In a Chinese phase III trial reported in The Lancet, Zhang et al found that gemcitabine/cisplatin improved progression-free survival vs fluorouracil/cisplatin in patients with recurrent or metastatic nasopharyngeal carcinoma.
In the open-label trial, 362 patients from 22 sites in China were randomized between February 2012 and October 2015 to receive gemcitabine at 1 g/m² on days 1 and 8 and cisplatin at 80 mg/m² on day 1 (n = 181) or fluorouracil (5-FU) at 4 g/m² via continuous infusion over 96 hours and cisplatin on day 1 every 3 weeks, for a maximum of 6 cycles. The primary endpoint was progression-free survival on independent image committee assessment in the intent-to-treat population. The study is ongoing.
Median follow-up for progression-free survival was 19.4 months. Median progression-free survival was 7.0 months (95% confidence interval [CI] = 4.4–10.9 months) in the gemcitabine group vs 5.6 months (95% CI = 3.0–7.0 months) in the 5-FU group (hazard ratio [HR] = 0.55, P < .0001). Estimated progression-free survival was 66% vs 45% at 6 months, 20% vs 6% at 12 months, and 11% vs 2% at 18 months.
Objective response was observed in 64% vs 42 % (P < .0001), with complete response reported in 15 vs 5 patients; disease control rates were 90% vs 86%. Median follow-up for overall survival was 22.0 months. Median overall survival was 29.1 vs 20.9 months (HR = 0.62, P = .0025). After disease progression, 41% of the gemcitabine group and 48% of the 5-FU group received second- or third-line chemotherapy, with paclitaxel-containing salvage treatment being the most common.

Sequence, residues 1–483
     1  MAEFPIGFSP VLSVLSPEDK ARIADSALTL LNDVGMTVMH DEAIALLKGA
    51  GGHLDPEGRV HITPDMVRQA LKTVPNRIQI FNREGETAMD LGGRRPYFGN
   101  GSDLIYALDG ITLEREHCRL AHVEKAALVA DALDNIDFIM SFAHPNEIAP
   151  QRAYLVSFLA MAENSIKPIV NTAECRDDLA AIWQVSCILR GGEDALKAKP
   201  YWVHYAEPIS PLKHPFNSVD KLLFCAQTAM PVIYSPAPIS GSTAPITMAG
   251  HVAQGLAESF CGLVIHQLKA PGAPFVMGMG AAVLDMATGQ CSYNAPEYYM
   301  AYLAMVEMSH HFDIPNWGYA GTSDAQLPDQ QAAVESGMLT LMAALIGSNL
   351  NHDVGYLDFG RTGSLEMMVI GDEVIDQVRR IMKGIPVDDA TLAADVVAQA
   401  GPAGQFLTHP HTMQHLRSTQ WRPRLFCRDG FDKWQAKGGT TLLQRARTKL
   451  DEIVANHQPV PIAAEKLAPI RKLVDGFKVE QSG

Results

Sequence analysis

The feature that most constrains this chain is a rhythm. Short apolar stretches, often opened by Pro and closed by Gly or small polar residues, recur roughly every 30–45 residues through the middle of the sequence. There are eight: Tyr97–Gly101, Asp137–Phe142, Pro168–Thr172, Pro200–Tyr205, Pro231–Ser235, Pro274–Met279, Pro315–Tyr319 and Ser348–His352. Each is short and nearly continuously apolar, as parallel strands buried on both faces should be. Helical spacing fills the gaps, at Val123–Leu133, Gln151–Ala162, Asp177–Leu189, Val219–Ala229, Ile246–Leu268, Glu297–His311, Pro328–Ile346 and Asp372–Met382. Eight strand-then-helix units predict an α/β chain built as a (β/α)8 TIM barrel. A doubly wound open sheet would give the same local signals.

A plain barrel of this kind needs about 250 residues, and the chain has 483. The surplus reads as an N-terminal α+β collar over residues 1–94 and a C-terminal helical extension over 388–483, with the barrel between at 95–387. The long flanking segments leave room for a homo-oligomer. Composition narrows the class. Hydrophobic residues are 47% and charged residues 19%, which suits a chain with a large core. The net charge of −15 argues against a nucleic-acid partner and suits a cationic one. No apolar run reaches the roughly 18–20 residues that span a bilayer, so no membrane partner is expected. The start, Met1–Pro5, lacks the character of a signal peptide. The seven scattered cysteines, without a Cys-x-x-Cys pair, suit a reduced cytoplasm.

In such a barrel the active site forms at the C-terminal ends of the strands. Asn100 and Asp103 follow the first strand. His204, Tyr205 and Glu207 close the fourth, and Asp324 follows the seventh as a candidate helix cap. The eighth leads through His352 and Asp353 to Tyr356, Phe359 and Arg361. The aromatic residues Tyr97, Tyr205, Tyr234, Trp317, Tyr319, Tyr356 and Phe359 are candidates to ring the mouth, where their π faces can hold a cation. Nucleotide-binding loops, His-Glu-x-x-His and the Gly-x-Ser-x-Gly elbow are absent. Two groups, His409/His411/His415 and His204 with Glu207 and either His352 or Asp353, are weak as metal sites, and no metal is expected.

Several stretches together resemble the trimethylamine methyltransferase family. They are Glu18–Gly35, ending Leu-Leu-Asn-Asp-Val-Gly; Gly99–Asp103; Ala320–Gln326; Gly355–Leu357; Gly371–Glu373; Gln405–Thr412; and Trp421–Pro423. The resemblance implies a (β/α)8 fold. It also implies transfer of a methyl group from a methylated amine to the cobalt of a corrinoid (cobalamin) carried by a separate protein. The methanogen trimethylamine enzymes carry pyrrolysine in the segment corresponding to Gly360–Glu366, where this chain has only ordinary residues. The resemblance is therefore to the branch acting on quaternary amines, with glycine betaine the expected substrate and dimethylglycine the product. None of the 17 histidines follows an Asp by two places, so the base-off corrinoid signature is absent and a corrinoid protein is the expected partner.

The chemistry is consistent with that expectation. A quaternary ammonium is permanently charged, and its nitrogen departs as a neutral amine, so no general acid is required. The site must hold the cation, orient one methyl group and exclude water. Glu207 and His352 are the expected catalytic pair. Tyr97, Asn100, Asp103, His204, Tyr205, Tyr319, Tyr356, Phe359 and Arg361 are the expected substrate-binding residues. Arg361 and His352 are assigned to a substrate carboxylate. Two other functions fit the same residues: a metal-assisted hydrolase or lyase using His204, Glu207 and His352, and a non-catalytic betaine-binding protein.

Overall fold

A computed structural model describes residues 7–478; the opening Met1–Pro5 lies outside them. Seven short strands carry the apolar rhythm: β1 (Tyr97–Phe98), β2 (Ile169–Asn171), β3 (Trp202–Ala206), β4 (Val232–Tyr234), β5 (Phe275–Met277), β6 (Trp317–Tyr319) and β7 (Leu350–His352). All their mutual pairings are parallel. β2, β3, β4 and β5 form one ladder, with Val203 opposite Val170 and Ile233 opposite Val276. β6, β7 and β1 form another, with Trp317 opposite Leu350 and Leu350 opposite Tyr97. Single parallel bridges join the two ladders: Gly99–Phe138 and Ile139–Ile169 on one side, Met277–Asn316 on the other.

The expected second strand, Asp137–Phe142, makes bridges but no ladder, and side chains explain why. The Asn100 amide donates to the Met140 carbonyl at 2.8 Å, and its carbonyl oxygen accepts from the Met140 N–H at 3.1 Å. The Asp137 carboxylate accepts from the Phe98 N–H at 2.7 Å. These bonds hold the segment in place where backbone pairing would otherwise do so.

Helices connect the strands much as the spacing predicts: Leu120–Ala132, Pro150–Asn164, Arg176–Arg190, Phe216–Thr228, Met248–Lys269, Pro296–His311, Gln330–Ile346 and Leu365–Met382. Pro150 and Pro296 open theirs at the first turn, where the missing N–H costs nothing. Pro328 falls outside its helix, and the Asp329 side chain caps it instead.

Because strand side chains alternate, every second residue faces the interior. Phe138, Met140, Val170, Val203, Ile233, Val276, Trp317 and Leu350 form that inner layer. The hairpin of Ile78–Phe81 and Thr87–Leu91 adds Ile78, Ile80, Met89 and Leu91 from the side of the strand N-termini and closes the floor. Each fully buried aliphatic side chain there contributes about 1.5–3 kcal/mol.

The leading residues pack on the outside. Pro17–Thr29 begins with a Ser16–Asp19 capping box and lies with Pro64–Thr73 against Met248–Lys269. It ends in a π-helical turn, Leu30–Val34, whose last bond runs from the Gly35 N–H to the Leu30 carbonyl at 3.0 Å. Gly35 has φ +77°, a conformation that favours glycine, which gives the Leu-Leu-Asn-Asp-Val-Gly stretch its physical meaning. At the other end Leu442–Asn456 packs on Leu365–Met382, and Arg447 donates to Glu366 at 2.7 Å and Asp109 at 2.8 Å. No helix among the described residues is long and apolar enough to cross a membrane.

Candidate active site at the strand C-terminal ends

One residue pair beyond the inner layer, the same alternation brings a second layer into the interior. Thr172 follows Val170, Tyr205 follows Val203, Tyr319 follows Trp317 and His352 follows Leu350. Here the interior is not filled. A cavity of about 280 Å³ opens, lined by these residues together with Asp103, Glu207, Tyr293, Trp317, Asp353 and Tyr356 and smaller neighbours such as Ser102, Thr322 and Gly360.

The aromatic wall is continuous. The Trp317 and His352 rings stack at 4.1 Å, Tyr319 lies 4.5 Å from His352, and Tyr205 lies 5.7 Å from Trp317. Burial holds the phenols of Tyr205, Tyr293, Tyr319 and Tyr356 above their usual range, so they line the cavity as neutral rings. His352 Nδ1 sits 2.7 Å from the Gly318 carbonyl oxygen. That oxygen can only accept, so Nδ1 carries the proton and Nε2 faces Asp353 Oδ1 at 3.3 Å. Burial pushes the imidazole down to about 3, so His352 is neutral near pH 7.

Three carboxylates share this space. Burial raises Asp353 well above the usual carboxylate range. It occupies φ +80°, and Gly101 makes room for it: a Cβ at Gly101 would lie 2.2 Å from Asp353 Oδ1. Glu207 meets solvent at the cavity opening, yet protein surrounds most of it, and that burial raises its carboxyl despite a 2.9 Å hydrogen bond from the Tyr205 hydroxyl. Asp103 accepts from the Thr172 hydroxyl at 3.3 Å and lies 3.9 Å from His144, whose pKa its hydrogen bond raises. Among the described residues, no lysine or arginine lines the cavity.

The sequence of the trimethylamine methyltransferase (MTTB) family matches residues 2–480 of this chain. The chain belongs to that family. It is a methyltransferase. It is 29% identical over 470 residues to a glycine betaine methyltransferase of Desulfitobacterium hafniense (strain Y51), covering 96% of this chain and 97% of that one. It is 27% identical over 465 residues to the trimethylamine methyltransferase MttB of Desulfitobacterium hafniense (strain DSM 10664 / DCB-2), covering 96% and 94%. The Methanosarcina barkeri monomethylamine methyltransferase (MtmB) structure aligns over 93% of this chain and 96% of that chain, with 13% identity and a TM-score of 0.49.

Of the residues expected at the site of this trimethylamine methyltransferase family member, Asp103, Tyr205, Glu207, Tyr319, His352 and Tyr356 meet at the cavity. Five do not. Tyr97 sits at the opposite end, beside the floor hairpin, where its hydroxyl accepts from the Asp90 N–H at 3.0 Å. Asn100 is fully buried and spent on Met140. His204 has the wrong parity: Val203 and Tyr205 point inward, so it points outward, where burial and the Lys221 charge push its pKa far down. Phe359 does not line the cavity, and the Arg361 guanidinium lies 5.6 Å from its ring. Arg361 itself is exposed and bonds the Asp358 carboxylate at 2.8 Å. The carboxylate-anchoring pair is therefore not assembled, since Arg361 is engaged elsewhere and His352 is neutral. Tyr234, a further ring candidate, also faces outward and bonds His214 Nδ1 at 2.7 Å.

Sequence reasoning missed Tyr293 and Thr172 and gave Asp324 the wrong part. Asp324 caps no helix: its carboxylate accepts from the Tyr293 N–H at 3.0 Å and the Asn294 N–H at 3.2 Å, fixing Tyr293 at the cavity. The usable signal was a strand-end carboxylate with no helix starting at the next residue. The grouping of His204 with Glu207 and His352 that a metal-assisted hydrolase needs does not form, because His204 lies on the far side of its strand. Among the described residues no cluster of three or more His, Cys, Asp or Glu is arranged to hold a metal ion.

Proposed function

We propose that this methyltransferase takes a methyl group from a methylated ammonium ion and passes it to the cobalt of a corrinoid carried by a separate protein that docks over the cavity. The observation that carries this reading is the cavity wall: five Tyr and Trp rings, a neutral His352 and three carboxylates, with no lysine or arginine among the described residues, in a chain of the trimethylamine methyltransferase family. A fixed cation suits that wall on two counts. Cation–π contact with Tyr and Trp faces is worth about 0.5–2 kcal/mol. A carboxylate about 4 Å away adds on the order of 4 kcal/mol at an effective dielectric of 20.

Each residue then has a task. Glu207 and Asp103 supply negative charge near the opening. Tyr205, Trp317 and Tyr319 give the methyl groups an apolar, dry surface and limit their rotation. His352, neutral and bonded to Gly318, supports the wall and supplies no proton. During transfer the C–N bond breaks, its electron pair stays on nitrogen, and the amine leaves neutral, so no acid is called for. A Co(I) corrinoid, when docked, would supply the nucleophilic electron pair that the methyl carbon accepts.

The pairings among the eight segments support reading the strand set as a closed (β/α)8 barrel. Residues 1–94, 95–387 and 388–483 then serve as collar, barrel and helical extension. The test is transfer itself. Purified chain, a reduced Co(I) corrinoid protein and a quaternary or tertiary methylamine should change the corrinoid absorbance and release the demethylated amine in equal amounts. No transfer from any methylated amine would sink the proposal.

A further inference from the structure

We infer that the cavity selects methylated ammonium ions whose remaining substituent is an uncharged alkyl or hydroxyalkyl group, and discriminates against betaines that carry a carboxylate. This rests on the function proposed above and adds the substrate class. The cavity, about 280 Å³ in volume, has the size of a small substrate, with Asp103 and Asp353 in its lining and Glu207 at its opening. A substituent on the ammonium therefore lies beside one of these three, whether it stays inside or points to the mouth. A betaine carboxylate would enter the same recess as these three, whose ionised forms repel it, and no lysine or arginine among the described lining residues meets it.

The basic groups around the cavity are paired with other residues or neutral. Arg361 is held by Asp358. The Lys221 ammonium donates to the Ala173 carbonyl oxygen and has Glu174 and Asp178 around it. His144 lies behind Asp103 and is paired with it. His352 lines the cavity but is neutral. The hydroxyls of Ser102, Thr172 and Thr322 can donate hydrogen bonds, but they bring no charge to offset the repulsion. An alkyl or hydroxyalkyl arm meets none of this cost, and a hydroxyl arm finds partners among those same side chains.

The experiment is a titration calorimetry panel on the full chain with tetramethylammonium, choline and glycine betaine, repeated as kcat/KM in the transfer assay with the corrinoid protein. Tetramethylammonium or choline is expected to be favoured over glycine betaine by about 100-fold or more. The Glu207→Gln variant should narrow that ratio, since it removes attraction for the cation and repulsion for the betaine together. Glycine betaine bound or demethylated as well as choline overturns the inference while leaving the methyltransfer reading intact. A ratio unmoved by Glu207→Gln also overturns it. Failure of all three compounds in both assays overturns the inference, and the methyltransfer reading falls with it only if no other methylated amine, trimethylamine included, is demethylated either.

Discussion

Treatment-related grade 3 or 4 adverse events significantly more common in the gemcitabine group were leukopenia (29% vs9%, P < .0001), neutropenia (23% vs 13%, P = .0251), and thrombocytopenia (13% vs 2%, P = .0007), with grade 3 or 4 mucosal inflammation being significantly more common in the 5-FU group (0% vs 14%, P < .0001). Serious treatment-related adverse events occurred in 4% vs 6%. Treatment-related adverse events led to discontinuation of treatment in 3% vs 8%. No treatment-related deaths were observed.
The investigators concluded: “Gemcitabine plus cisplatin prolongs progression-free survival in patients with recurrent or metastatic nasopharyngeal carcinoma. The results establish gemcitabine plus cisplatin as the standard first-line treatment option for this population.”
The study was funded by the 5010 Clinical Research Foundation of Sun Yat-sen University.
Li Zhang, MD, of Sun Yat-sen University Cancer Center, is the corresponding author of The Lancet article.
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